It Follows gets a wide release tonight..
It Follows comes at a time where the horror genre has become a recursive echo chamber—endless repeats of worn out ideas, remakes and tropes. While it does borrow from films that have come before it, there is something fresh and contemplative about the story and it has emotions not usually seen in these types of films. It’s honest, and apparent that director, David Robert Mitchell, was making something quite personal and near to his heart.
Jay (Maika Monroe) is a normal teenage girl living in southeast Michigan (where the movie was filmed) who has a mild case of small town ennui. Her new boyfriend, Hugh (Jake Weary), has been acting somewhat strange but she brushes it off as moodiness. After they make love for the first time, she discovers his terrible secret. There is a malevolent entity that follows him around taking on the form of different types of people. It is relentless in its pursuit, though it never moves faster than a brisk walking pace. Even though you can theoretically outrun it, if you ever stop for any reason, it eventually catches up to you and tries to kill you.
The onus of evil spirit is transferred through sexual contact, like some sort of spiritual STD. It is interesting because Hugh figures that because Jay is female, it will be much easier for her to find a new sexual partner to pass it along to. This rather misogynistic train of thought is a fascinating concept, and it adds another dimension to what could have been a generic “demonic stalker” plotline. Jay is conflicted about the idea of giving the demon to another person, just as women are often conflicted about sleeping with a new partner. She is simultaneously ashamed and terrified, having been saddled with this terrible stigma. It also makes for an intriguing dynamic with her friend Paul (Keir Gilchrist) who has a crush on Jay that has been unrequited thus far.
This film has a retro aesthetic with soft lighting and interesting camera framing. The characters use landlines and have old-fashioned tube televisions, but the clothes and cars look modern. It has the effect of making the film seem more timeless, as it’s hard to pin down the exact time period in which the movie takes place. The atmosphere is more realistic and less glossy, which propels the movie towards an indie style. Everything is well-shot, with some artsy scenes thrown in here or there. Not unlike the monster who chases the characters, the pace of the film is slow and unrelenting. There is a definite build-up and it becomes very tense by the end of the film. One small quibble is Mitchell does rely on a couple of cheap jump-scares, but that seems to be practically unavoidable in most horror films.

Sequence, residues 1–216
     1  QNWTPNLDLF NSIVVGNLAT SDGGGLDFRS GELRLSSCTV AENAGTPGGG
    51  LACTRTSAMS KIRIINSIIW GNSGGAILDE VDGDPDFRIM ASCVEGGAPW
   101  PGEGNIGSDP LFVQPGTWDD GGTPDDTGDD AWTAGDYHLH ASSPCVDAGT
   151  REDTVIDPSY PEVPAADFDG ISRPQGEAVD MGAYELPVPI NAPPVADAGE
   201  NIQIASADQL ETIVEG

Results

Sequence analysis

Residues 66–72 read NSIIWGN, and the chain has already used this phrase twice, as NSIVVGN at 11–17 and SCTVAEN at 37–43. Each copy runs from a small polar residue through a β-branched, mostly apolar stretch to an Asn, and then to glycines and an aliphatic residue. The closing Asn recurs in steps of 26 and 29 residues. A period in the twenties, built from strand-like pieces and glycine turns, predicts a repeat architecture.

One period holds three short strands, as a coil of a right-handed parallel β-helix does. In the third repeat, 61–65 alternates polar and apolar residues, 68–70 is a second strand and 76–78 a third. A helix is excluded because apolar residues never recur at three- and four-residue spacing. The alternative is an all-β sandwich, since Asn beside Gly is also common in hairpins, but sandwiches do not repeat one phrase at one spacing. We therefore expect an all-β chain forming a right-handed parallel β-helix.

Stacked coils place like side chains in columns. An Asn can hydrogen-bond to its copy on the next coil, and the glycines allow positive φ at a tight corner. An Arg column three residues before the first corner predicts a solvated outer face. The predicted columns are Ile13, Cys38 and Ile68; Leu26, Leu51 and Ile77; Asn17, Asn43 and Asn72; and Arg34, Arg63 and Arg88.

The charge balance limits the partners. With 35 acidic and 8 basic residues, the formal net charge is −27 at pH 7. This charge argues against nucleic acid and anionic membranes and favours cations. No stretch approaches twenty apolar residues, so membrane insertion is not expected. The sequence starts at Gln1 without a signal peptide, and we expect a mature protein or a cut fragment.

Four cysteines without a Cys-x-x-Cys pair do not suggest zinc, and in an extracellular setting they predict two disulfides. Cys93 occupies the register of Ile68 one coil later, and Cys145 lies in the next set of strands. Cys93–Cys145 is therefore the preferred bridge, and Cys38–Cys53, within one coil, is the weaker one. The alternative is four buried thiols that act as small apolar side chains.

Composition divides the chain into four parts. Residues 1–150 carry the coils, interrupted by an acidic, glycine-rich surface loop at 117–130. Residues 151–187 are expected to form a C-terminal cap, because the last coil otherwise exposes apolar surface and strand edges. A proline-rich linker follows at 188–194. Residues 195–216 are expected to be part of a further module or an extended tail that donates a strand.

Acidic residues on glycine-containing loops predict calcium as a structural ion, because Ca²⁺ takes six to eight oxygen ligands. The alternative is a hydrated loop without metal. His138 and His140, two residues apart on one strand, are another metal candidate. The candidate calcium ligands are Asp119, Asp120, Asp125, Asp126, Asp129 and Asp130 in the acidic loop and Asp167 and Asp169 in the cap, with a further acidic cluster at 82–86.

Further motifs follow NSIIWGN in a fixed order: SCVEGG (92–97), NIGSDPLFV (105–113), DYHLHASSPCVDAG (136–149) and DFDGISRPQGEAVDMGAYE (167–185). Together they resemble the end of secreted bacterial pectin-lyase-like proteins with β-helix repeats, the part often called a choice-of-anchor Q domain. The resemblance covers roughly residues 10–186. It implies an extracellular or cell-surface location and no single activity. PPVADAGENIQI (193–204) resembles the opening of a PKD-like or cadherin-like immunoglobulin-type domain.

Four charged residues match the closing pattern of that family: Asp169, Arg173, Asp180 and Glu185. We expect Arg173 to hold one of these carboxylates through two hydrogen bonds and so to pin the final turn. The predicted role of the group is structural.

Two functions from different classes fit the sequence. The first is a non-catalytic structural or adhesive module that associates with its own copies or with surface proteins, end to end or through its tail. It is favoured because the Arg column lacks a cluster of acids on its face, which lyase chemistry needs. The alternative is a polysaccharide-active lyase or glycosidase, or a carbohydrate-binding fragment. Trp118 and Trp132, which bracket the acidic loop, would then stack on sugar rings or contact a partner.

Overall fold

While It Follows was filmed in southeast Michigan, I couldn’t help but notice the lack of black people in the movie itself. I feel like this was done intentionally by the director, but not for the reason you might think. There is a concept known as “white flight” in which affluent white people move out of urban areas to the suburbs in the outskirts of the city. Detroit definitely has had this phenomenon occur and it is a source of tension sometimes. However, no matter how far away these people move, they still occasionally encounter reminders of their prior home, whether it be a crime on their street or whatever the case may be. In essence, their fears follow them wherever they go. One of the characters in the movie even says, “I remember my mom telling me when I was a child to not go south of 8 Mile—that it was dangerous”. I feel like that one of the layers of this film is a metaphor for the current state of Detroit and how the stigma, the monster, follows the residents of the city no matter where they go.
Rounding out the surprisingly deep storyline is the outstanding electronic score done by Rich Vreeland of Disasterpiece (who also scored the adorable indie video game FEZ). It’s menacing when it needs to be but lush and ethereal at other key points in the film. It sounds like he used a mix of new and vintage synthesizers and it all blends together to make an eerie and foreboding sonic experience. There is an actual repeated musical theme for this score—it’s not just random chords and ambiance. I adore when a film uses a theme in this way, because just hearing the familiar notes throughout the film can evoke strong emotions. For whatever reason, this style of musical score is becoming rarer. The music does lend itself to the faux-retro feel of the film and was a great choice for a horror film.
It Follows is one of the most original horror films I have seen in quite a while. It manages to use common tropes in a new and exciting way and comes highly recommended.